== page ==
18 May, 11 | by BMJ Group
We are in the throes of debating the structure of the NHS for, I think, the 20th time in my professional life, but structure is, in my experience, of little importance compared with the two other components of an organisation – systems and culture, and what happens in the minds of individual clinicians and patients. If structure were important why does every health service that I know or read about face the same problems of safety, waste, variable quality, equity, and failure to prevent disease?
For my support of systems and culture and dismissal of the significance of structural change I have been accused of being, among other things, a post-structuralist and an anarchist, but the truth is I am a fan of good bureaucracy, whose characteristics, which are their merits, are described by the excellent Charles Perrow as being:
1. Equal treatment for all employees.
2. Reliance on expertise, skills, and experience relevant to the position.
3. No extraorganizational prerogative… that is, the position is seen as belonging to the organization, not the person. The employee cannot use it for personal ends.
4. Specific standards of work and output.
5. Extensive record keeping dealing with the work and output.
6. Establishment and enforcement of rules and regulations that serve the interests of the organization.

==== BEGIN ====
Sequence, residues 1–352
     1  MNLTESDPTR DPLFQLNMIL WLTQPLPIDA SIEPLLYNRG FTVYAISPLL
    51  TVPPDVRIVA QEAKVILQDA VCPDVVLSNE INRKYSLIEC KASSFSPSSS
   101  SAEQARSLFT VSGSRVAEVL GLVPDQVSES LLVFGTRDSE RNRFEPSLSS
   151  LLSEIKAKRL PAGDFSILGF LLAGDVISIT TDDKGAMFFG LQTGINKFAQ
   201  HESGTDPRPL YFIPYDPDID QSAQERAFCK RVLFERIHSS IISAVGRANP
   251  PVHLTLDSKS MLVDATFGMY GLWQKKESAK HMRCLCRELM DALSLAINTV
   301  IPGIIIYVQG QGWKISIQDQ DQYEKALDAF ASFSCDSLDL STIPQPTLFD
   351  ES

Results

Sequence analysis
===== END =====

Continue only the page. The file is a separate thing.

7. Recognition that rules and regulations bind managers as well as employees; thus employees can hold management to the terms of the employment contract.
Without bureaucracies the weak are at the mercy of every despot and petty tyrant but if they have good features why do people hate them?
Firstly they do sometimes go over the top, Kafkaesque is the adjective for the bewildering hierarchy. The second reason why bureaucracies have had a bad press is that they don’t do, indeed they can’t do, what many people want them to do, namely solve complex such as problems such as “How can we make care for all people with epilepsy in a big city better, with no new money?”, or “How can people with bipolar disorder be better supported?” Bureaucracies are good at ensuring the open and fair recruitment and promotion of staff and the administration of money without bias or corruption but not for solving complex healthcare problems. Neither is there strong evidence that markets do that better for complex problems that require a complex adaptive system, and ant colonies are the best example. Ant colonies solve problems and learn, and they are altruistic, that is why they flourish. The recent film made them too much like humans, too selfish, if you want to read about altruism consult the classic, massive book by Holldobler and Wilson called simply The Ants.
So two cheers for bureaucracy, it would get three were it not for the fact that we always use it tasks for which it is not suitable, and four cheers for the ants.
Muir Gray is visiting professor of knowledge management, Nuffield Department of Surgery, University of Oxford.